Bengt Löfstedt discusses emissions monitoring through long-term sampling
Monitoring of flue gas emissions to the ambient air for environmental protection is often a matter of continuous monitoring. However, there is also periodic monitoring, which can be divided into sampling during a short period of time, and long-term sampling, which may approach continuous monitoring.
Emissions monitoring is often carried out by continuously operating instruments providing measurement results in real time, or at least in close-to real time. The data can then be averaged and compared to emission limits. Using this kind of instruments is not only a possibility but often a legislative requirement. This is the case for many of the “usual pollutants” such as NOX, SO2, CO, NH3, HCI, and dust, and for supporting parameters such as flow, temperature, and pressure.
Continuous monitoring versus sampling
However, there are situations where continuous, real-time monitoring is not required. An example of this is when the pollutant levels are expected to be steady and/or low, and the legislators have ruled that it is sufficient to verify this only with certain intervals. Then short-term, long-interval sampling may be applied.
“Sampling” means that a stream of flue gas is led through a filter or a sorbent material inside a container, leading to accumulation of pollutants of interest. After a prescribed sampling period, perhaps as short as an hour or so, the container is removed from the stream and its content of pollutants can be analysed. In some cases, the analysis can be done using locally available analysis methods. In other cases, it may involve an off-site laboratory hosting advanced instrumentation operated by specialists. As a trade-off between ability to catch deviations from the expected and operating costs, the interval between samplings can often be in the range
of months or even a year.
An example where short-term, long-interval sampling can be applied is the monitoring of emissions of certain metals such as As, Cd, Co and Cr from waste incineration facilities within the European Union. Three samples are to be taken for at least 30 minutes each – the “short term”. It is enough to do this once every six months – the “long interval”. Each sample is collected on a filter and the metal content accumulated on the filter is typically determined at a laboratory by means of X-ray fluorescence (XRF).
So far so good, but what if the concentration of a pollutant varies notably over time, but there are no instruments available to measure the concentration continuously, in real time? Short-term, long-interval sampling would not do as the results probably would not be representative for the actual emissions. Short-term, short-interval sampling may seem like a solution, but the costs and other practical aspects make it a less attractive approach.
What remains is long-term sampling, with equally long intervals between the sample analyses. Special attention must be paid to the sampling rate. The sampling speed at the nozzle should ideally be the same as the speed of the surrounding flue gas. This is called isokinetic sampling. Only at equal speeds will the amount of pollutant accumulated in the sorbent be representative for the average pollutant concentration in the flue gas.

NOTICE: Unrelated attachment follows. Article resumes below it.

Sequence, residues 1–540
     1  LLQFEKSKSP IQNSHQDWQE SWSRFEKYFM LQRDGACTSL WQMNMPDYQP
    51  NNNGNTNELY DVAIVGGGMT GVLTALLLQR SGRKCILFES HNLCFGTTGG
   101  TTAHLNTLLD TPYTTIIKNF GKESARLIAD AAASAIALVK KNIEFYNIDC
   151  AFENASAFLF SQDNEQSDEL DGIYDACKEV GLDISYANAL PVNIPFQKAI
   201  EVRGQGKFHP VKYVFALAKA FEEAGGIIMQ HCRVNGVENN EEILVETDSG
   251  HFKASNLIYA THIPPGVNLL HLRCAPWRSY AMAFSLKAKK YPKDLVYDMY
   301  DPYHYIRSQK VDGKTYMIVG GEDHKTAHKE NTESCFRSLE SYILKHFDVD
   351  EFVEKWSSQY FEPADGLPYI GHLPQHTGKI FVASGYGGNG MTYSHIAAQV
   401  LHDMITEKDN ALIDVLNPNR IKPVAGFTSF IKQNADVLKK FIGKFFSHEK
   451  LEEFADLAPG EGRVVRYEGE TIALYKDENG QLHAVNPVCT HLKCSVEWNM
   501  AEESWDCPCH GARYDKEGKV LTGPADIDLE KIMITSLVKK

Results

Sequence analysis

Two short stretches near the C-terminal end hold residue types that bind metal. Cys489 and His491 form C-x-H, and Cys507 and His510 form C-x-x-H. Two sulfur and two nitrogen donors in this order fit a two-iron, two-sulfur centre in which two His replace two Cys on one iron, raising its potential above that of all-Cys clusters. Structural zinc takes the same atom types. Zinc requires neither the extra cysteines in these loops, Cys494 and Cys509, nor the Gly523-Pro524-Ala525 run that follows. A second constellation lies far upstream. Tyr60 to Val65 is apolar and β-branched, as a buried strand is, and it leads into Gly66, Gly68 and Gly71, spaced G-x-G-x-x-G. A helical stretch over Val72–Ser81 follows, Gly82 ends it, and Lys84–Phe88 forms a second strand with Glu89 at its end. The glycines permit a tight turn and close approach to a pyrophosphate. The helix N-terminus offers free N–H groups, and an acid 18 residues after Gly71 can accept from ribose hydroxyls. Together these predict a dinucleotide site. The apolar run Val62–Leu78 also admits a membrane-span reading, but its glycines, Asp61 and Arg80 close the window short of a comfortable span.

After the sampling period, the sorbent container is sent to a laboratory for analysis. Here, the total weight of the pollutant accumulated in the sorbent can be determined. Dividing this weight by the total volume passing the sorbent container during the sampling period yields a pollutant concentration. Thanks to the isokinetic sampling, this concentration is also equal to the pollutant concentration in the sampled flue gas, averaged over the sampling period.
The long-term sampling becomes continuous by inserting a new sorbent container in the sample flow just after the exposed one is removed. Subsequent results from the sample analyses then give a continuous series of concentration data, although with low time resolution.
An example where long-term sampling is applied can be found in EU regulations on waste incineration. Dioxins and furans (to be more precise “polybrominated and polychlorinated dibenzo-p-dioxins and -furans”) can result from incineration of plastics and hazardous waste. These substances are very toxic and bad for the environment even in very low concentrations, and the emissions should therefore be monitored. Further, the concentrations in the flue gas can vary widely depending on fuel composition and incineration temperature, so continuous or semi-continuous monitoring may be required. In lack of other options, long-term sampling is prescribed. The sampling time is two to four weeks. Sample analyses are then carried out at laboratories using GC-MS (gas chromatography-mass spectrometry) instruments. The long sampling time allows accumulation of low-concentration dioxins and furans to match the detection ability of the instruments. Sampling is to be repeated at least once every month, which effectively means at least close-to continuous sampling and monitoring.
Opsis is a manufacturer of isokinetic long-term samplers compliant with EN standards and other requirements, very well suited for emissions monitoring of dioxins, furans and other complex compounds. The company offers valuable guidance on long-term sampling as well as on systems for continuous emissions monitoring and process control.
Bengt Löfstedt is with Opsis